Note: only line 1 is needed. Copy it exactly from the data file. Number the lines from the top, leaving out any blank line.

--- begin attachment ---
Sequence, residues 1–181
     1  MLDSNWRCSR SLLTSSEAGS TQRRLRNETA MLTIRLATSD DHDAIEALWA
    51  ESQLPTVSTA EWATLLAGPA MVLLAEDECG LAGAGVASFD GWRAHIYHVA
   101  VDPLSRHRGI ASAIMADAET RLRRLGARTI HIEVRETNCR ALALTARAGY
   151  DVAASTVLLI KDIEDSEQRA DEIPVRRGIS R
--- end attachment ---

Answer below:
Sequence, residues 1–181